31 December 2021

The Atlantic: “The Best Time-Management Advice is Depressing but Liberating”

Pinsker: And yet people frequently postpone their time-intensive passion projects, like, say, working on a novel, because they have this sense that they’ll get around to them eventually. Psychologically, what gets in the way of us doing big things that we care about?

Burkeman: We all feel overwhelmed by lots of little stuff we feel we have to do, and we have these big things that we’d like to do. But to do them, it feels like you need long stretches of focus when all the other little stuff is out of the way—it feels like it would be selling the project short to try beginning to write your novel in 20 minutes on a subway commute, for example. So instead, you decide to go through your email and deal with other outstanding things—but for the reasons we’ve discussed, the time never comes when you clear all that [out of the way].

If I’m working on a difficult article, it’s not like I’m really happy doing it but Twitter comes and takes me away from it. Instead, I run away to Twitter because the article is challenging me and causing me to experience uncomfortable emotions, and Twitter promises the opposite.

So I think the reason that we seek distraction is that working on stuff that we care about is often scary. It brings us into contact with all the ways in which we’re limited—our talents might not be up to what we’re trying to do, and we can’t control how things will unfold. If you’re writing a difficult article, you don’t get to know in advance that it’s going to come out well, which can make you feel constrained and imprisoned by reality. Meanwhile, the internet feels limitless, like you’re an all-powerful consciousness surfing the unlimited waves of the web and social media. It’s very relieving.

Joe Pinsker

Short article, but the advice is sound and realistic – maybe that’s what makes it ‘depressing’ for the person who wrote the title: the key to better time management is not becoming more efficient at getting tasks done, but instead selecting which projects are personally important and prioritizing these over more pressing, but ultimately less rewarding things. Accept that time is in fact limited, and work within those constraints, not struggle fruitlessly against them.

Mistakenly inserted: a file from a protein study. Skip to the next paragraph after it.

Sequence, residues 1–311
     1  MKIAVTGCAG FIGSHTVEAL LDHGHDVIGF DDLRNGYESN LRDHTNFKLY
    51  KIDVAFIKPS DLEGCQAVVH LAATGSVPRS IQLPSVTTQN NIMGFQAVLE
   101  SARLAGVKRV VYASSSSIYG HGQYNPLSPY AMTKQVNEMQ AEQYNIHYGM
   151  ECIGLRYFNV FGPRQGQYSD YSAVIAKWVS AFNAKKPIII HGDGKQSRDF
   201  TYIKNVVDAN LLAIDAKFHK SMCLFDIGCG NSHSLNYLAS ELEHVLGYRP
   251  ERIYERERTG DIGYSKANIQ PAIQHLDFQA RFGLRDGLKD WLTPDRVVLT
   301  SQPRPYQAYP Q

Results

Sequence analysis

No good work goes unpunished - Work Chronicles
On-topic comic by Work Chronicles: No good work goes unpunished

Oliver Burkeman: They work in the sense that you’ll process more incoming inputs, but we’re living in a world with effectively infinite inputs—emails you could receive, demands that could be made of you, or ambitions that you could have. Getting better at moving through them is not going to get you to the end of them, so the promise of reaching a point at which you feel on top of everything is flawed on a math basis from the beginning.

And the more efficient you get, the more inputs you attract. If you get really good at processing email, you’ll get more email because you get a reputation for being responsive on email. The same idea applies elsewhere: If your reputation in the office is that you’re good at getting through work fast, you’re given more things to do.

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